Carlos Zambrano – what in the world are we going to do with you?  Big Z is simply an enigma.  If somone could work with him to get his head on straight, Zambrano could be one of the best pitchers in baseball.  Instead, we get Carlos Zambrano being Carlos Zambrano.  The 2009 version – 8-6 record in 25 starts.  A good 3.94 ERA, but a startling high 1.43 WHIP.  132 strikeouts in 148+ innings, but also 70 walks.  Not the numbers of the ace of your staff, someone who is set to make $18 million per season for the next 3 years.  It’s not bad enough that the Cubs are locked into bad contracts with Alfonso Soriano, Milton Bradley and Kosuke Fukodome.  But now we have to worry about how many stints Big Z is going to spend on the DL trying to swing the bat too hard.

Uggghhhh – - it is so frustrating.  Last night, the Cubs offense took advantage of a wild Brewers staff – 11 hits, 12 walks, 3 HBP, 2 wild pitches – and took a 4-0 lead by the end of the 4th inning.  But for some reason, Big Z crapped the bed in the top of the 5th inning.  After getting the 1st 2 outs, Zambrano gave up a hit to the pitcher Giovanni Gallardo and he lost his cool.  Zambrano followed that up with a walk, 2 hits, a wild pitch, another walk and then an error by Ryan Theriot at shortstop that would have ended the inning.  We know how Big Z feels about his teammates making errors, so he let the next batter get a 2-run single to give the Brewers a 5-4 lead.  Now granted, the last 2 runs should not have scored because of the Theriot error, but come on.  Five runs on 6 hits and 4 walks over 5 innings of work – 105 pitches ???!!! – is not acceptable from your alleged ace.  Someone has gotta get through to this guy.

Luckily the Cubs offense rallied the troops for a come-from-behind win, and the Cubs bullpen (save for Jeff Samardzija who has had just a brutal 2009 – 1-2 record, 7.89 ERA, 1.85 WHIP, 26 ER on 41 hits and 14 walks in just 29 2/3 innings) turned in another solid 3 innings of scoreless relief.  Aaron Heilman pitched a scoreless inning of relief and has now given up just 2ER in his last 9 outings (12 innings).  And can you see the 26-year old Esmailin Caridad setting up for Carlos Marmol in 2010?  After a rough major league debut in Colorado on August 10th, Caridad has been lights-out in his next 6 appearances.  And since being called back to the major league level on September 8th, Caridad has pitched 4 scoreless innings, giving up just 2 hits and 1 walk while striking out 2.  I know he is raw and young, but a good off-season could solidify his spot on the 2010 Cubs.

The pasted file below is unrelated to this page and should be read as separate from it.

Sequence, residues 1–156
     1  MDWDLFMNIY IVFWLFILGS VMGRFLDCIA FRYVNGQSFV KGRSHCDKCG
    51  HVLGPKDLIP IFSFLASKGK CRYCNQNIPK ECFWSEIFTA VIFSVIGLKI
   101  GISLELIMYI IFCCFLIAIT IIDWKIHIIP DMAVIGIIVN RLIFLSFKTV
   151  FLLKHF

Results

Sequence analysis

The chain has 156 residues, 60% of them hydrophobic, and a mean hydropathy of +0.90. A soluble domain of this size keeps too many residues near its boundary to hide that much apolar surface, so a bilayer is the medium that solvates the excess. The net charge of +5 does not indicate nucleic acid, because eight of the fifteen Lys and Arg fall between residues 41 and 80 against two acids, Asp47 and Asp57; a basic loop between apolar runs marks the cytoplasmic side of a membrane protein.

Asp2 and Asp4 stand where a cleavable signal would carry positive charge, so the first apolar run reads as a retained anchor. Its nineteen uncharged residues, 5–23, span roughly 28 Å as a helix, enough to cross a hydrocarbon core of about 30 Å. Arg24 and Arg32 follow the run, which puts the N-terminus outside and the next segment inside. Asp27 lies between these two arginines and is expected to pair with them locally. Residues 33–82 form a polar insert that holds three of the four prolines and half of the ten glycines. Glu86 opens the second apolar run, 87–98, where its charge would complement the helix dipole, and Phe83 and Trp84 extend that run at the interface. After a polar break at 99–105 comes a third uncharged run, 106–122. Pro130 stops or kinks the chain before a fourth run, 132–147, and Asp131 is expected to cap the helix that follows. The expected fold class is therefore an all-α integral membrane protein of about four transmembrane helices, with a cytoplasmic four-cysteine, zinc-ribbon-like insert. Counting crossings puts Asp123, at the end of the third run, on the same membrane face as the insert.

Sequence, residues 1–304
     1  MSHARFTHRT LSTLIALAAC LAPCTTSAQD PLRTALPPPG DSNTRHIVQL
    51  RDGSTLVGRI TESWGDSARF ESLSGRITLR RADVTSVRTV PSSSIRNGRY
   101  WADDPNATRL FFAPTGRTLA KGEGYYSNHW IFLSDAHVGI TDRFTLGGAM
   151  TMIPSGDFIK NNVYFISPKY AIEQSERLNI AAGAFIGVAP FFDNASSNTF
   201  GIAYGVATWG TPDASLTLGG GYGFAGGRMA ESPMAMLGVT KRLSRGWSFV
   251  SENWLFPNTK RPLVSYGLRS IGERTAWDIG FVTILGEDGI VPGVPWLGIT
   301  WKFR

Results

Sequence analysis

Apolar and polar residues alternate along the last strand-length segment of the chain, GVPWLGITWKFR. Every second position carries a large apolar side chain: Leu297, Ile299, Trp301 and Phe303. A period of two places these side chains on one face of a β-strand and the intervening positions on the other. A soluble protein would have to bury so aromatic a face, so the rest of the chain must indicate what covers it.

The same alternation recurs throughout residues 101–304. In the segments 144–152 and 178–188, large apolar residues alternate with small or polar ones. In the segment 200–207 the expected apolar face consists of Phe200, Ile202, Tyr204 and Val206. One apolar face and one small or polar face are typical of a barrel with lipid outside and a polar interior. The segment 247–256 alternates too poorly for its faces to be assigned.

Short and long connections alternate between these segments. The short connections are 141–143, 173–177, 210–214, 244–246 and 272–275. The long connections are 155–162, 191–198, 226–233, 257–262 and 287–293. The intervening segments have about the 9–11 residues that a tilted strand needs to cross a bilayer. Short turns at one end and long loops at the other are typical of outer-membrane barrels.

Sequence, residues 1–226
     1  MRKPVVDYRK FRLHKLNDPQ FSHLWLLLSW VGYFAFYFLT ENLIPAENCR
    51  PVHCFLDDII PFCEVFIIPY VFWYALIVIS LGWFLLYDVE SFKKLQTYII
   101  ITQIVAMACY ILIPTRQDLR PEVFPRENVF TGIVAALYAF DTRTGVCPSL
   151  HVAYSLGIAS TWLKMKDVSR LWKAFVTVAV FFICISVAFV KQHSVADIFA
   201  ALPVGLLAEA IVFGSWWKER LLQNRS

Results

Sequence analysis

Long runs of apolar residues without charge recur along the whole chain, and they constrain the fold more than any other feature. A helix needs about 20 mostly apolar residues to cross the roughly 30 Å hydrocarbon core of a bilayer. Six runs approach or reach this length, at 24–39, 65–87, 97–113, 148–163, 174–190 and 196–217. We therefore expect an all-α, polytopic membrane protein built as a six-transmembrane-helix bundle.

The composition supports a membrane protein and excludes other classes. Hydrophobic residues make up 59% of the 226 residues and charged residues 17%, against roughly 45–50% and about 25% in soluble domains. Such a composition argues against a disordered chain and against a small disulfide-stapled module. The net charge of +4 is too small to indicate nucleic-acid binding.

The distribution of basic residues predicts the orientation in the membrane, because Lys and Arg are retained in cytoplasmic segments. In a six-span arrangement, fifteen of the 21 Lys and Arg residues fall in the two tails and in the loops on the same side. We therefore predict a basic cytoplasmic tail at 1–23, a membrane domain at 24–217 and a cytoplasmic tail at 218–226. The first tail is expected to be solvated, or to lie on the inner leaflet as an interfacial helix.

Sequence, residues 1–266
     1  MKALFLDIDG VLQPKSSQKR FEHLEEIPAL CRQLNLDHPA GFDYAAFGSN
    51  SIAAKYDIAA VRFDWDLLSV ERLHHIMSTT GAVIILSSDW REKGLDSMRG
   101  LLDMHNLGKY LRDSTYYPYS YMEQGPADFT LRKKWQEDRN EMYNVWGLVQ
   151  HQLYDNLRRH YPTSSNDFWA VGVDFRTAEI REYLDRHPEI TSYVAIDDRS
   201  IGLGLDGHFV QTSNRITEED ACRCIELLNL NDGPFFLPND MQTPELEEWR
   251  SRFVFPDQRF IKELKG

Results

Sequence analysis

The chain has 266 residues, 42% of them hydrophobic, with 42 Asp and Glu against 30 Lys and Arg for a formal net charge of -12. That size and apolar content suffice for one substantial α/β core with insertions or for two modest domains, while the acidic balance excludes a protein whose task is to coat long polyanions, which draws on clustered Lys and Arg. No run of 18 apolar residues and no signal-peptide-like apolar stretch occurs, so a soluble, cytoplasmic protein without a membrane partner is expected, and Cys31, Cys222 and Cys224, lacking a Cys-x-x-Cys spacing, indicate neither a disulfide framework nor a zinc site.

As for the bats, the Brewers pitching was just awful.  But give Derrek Lee some credit.  Lee was patient at the plate – 2 for 2 with 3 RBI’s and 1 run scored.  He also walked 4 times.  Geovany Soto’s bat has shown some of the pop from his 2008 Rookie of the Year campaign – 2 for 5 with 3 RBI’s and 2 runs scored, including his 11th homer of the season.  Ryan Theriot’s bat has cooled off a little bit of late, but he had 4 walks as well on Tuesday night and scored 3 runs.  Theriot also stole his 18th base of the year.

Not a lot to get excited about, but we’ll take the positives where we can get them…

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Crazy – - Carlos Marmol Not Good in Non-Save Situations…

Posted on 13 September 2009 by Lou

Manager Lou Pinella has quickly learned 1 thing about Carlos Marmol – he does not pitch well in non-save situations.  And let’s face it – a lot of closers are like this because of the lack of mental focus.  Carlos Marmol’s control problems in the 9th inning wasted a valiant Cubs comeback.

Trailing 5-0, the Cubs rallied for 3 runs in the 6th inning on an Aramis Ramiez single, a Geovany Soto double and a Bobby Scales sacrifice fly.  And with the bases loaded in the 7th inning, Geovany Soto’s double to deep center field plated Kosuke Fukodome and Derrek Lee to tie the game at 5.  But when 3rd base coach Mike Quade sent Ramirez home to try to score the go-ahead run, but he was thrown out at the plate.

Then came Marmol’s disastrous 9th inning – 2 walks to start off the inning and then a 2-run double to right field by pinch hitter Drew Sutton that gave the Reds the 7-5 win over the Reds.

Randy Wells had a rare bad start -

The Cubs try to win the series on Sunday with Ted Lilly on the mound…

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It’s Do Or Die for Cubs with Upcoming 10-Game Homestand @ Wrigley Field

Posted on 25 August 2009 by Lou

Cubs Milton Bradley Risk 1

It’s do or die time for the Cubs with a HUGE 10-game homestand at Wrigley Field.  As I wrote yesterday, the Cubs are one of the better home teams in the National League (35-22).  The Cubs are 7.5 games back of the Rockies in the NL Wild Card race and 8 games back of the Cards in the NL Central race.  The Cubs have an “easy” 10-game homestand “teed up for them” to crush 350 yards straight down the fairway – 3 games against the Nationals (44-81); 3 games against the Mets (57-68) who will be without ace Johan Santana for the rest of the season; 3 games against the Astros (61-63) and 1 make-up game against the White Sox (63-62).